Nintendo is building a system of server relays to allow 3DS owners living in North America and Europe to use the handheld's StreetPass functionality with greater frequency, Nintendo president and CEO Satoru Iwata announced today during an E3 investor's presentation.
"StreetPass is very common in crowded Japan," Iwata said. "In contrast, our American and European users seem to meet each other via StreetPass less frequently, and as a result, we have not seen a significant rise in the number of people who carry their Nintendo 3DS systems in Sleep Mode. When compared with our Japanese users, it seems that fewer people are experiencing the StreetPass feature on a daily basis."
To remedy that, Nintendo will launch a system update by this fall which introduces an online network, in which 3DS owners will automatically pass StreetPass data to a central server, where it can be relayed to another 3DS owner who accesses a Wi-Fi access point at popular hubs like Starbucks and McDonald's, "among others." 28,000 of these access points already exist in the U.S., while 24,000 exist in Europe.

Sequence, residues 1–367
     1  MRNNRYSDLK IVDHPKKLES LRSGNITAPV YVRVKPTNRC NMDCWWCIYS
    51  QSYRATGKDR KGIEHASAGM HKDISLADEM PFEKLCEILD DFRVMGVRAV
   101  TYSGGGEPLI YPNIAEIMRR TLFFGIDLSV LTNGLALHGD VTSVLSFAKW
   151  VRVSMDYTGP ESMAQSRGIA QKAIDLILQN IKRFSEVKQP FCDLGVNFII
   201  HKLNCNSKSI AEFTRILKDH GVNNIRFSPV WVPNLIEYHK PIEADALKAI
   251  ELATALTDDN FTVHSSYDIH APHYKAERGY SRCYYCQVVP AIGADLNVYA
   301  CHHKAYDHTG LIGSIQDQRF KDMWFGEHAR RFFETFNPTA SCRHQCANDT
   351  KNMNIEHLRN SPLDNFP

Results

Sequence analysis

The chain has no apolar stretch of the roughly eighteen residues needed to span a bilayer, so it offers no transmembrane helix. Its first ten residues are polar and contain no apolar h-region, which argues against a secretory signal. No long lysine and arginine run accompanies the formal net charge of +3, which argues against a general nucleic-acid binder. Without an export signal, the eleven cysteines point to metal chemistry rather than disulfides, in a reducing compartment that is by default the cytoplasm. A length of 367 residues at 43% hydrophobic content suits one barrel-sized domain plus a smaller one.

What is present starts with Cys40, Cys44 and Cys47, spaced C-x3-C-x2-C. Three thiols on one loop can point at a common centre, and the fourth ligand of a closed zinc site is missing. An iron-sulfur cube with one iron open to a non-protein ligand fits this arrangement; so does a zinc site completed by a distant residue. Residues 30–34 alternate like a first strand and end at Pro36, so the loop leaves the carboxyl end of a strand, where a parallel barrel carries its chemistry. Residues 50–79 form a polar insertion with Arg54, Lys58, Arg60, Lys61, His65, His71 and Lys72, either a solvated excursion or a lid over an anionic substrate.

"This will involve taking a Nintendo 3DS system in Sleep Mode to an access point which will then connect automatically and send StreetPass data to a server," Iwata said. "At the same time, the Nintendo 3DS system also receives the StreetPass data of another user from the server. In this setting, data is not exchanged directly, but rather through a StreetPass relay station. Hence, as opposed to, say, Person A and Person B directly exchanging game data, data will be transmitted in sequence from Person A to Person B, and then onto Person C and so on.
"Previously the StreetPass feature required multiple Nintendo 3DS systems in Sleep Mode to be in the same location at the same time, but in this framework, you can exchange data with others by visiting the same location even at a different time, so we can certainly expect the use rate of the StreetPass feature to grow significantly."